Phil Factor SQL Speed Phreak Competition: No 2
This competition is now over, but the winner, Dave, got an Amazon Voucher for $60, and the privilege of being able to display the 'Phil Factor SQL Speed Phreak' award on their own site
It was quite a struggle with some close competition from many of those who participated in this competition. However, Dave came up with a clever solution that produced an FIFO calculation from a million rows in a just a few seconds. The third Phil Factor Speed Phreak competition will soon be held on here. Watch out!
(here is the original preamble.)
This competition is to calculate current items in stock and current stock value in FIFO order.
I have seen many different algorithms to do this and most of them involve a cursor.
Can it be done more quickly without, or even with, a cursor? In other words, what is the fastest way in SQL Server (any version) to provide this stock inventory report?
Beware that the sample file includes the two extra columns; CurrentItems (INT) and CurrentValue (MONEY) !
The table is in this form (simplified from the way we'd do it in a real system of course).
You are welcome to change the two nonclustered indexes to suit your solution. You can download the complete sample data here. I have an idea of my own of the way to do this but I don’t know if it is the fastest.
Explanation of FIFO rules (example, abbreviated)
a) First IN add 738 items (each $245.94) to the stock, for a total of $181,503.72
As mentioned before, the CurrentItems and CurrentValue columns in the sample data are only included for you to validate your routines.
Here are some guidelines for your entries:
1) Include a header in your suggestion. Make sure your name and date is present.
I will allow you to use an existing tally number table (make sure it starts with 0). You can use any kind of object for this competition, except SQLCLR. If you are using a fixed tally number table, it has to be named dbo.TallyNumbers and the column named Number.
The winner will be amongst the tied fastest entrants (generally there is a group of these) and it will be the one with the highest number of votes. We'll announce the winner in three week's time on 16th November.
For a starter, here is a common cursor based solution that you will find in production in many places.
The above is already done. Here is the code to produce the final resultset.
Good luck to you all!
Dave Ballantyne - Phil Factor Challenge Entry 3.d
Peso had adding some index hints and shuffled a calculation to my initial 3.a. So this is 3.a(+) with comments
with 3.d doing the TotalStock sum in one operation shaves some more time off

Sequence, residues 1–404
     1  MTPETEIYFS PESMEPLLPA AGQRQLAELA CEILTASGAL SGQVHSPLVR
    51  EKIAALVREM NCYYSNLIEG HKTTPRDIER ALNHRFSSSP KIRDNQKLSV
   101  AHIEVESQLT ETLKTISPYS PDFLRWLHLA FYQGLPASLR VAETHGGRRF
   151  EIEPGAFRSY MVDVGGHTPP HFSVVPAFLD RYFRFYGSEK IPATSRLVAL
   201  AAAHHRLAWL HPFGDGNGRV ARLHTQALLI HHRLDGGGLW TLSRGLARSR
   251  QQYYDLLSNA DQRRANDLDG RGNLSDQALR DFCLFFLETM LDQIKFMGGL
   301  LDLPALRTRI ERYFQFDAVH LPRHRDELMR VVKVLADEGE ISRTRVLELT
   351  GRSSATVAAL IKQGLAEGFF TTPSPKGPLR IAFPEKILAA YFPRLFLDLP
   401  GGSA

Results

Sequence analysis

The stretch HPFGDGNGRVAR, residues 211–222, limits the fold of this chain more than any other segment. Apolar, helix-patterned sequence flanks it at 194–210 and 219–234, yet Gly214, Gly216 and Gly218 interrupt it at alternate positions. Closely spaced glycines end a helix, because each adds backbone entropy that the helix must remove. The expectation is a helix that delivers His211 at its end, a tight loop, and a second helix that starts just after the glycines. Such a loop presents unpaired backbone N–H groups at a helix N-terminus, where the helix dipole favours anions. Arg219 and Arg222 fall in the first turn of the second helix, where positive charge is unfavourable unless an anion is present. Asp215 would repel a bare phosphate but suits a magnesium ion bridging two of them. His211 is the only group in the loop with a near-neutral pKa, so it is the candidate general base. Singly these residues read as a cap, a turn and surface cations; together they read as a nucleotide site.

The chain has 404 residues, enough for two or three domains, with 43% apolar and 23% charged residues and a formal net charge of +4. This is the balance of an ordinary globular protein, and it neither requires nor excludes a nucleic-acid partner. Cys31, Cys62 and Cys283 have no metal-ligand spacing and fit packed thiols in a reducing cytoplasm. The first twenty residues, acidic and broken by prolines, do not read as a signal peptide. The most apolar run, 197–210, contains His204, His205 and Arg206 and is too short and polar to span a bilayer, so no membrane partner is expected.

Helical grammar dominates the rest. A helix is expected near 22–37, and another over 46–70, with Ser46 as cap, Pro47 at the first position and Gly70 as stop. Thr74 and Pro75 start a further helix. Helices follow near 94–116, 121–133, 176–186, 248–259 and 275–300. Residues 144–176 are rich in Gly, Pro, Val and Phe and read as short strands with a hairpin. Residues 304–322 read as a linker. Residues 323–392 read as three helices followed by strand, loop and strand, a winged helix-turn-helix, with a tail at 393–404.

“A problem well stated is a problem half solved” - Charles F. Kettering
Let us think about what has been asked within the challenge.
We have a warehouse which starts empty , the data contains the stock movements in (including returns) and out. The stock movements ALWAYS happen in a first in first out basis. With this we know that if the present stock level (sum(in's) - sum(out's) is 50 that will be the last 50 that have entered the warehouse. The key to this query is to efficiently find the cost of those 50 items.
RBarryYoung_1b: Naive, Pure Set-Based Solution
OK, just to get things rolling, here is a straight-forward Set-based solution, with no T-SQL tricks (though there is a very important algorithmic trick in cteOverlapValue).
Oops! I got those numbers completely wrong,...
In reality, performance is OK, but not great. it takes 9 seconds on 100,000 rows (about 1500 Articles) and 90 seconds on the full set. Not bad for virtually no optimizations.
1b: OK, I have made the corrections Requested by Peso (ORDER BY and Fixed NULLS on Article 25001). My current timings for it are 9sec on 100k rows and 95sec on 1M rows.
Not finished yet , i think there is some more to come. Could you tell me what the performance is like against the 'test' system ? Just for reference i stopped Barry's running after 5 Minutes , this completes in a little over a minute.
RBarryYoung_2d: Pure Set-Based, summary calcs
OK, similar to my first entry, but using a smarter way to calculate the final CurrentValues:
New version, 2c (don't ask about 2b :-)), primarily leveraging a new index....
OK, now we're really cooking with gas! Andriy's version spurred me to rethink certain parts of the query, resulting in a smaller and even fast version that finally uses the indexes the way that I always wanted it to.
First the new index to create before running:
Andthe new version:
This is twice as fast as v2c (7 sec) on my machine.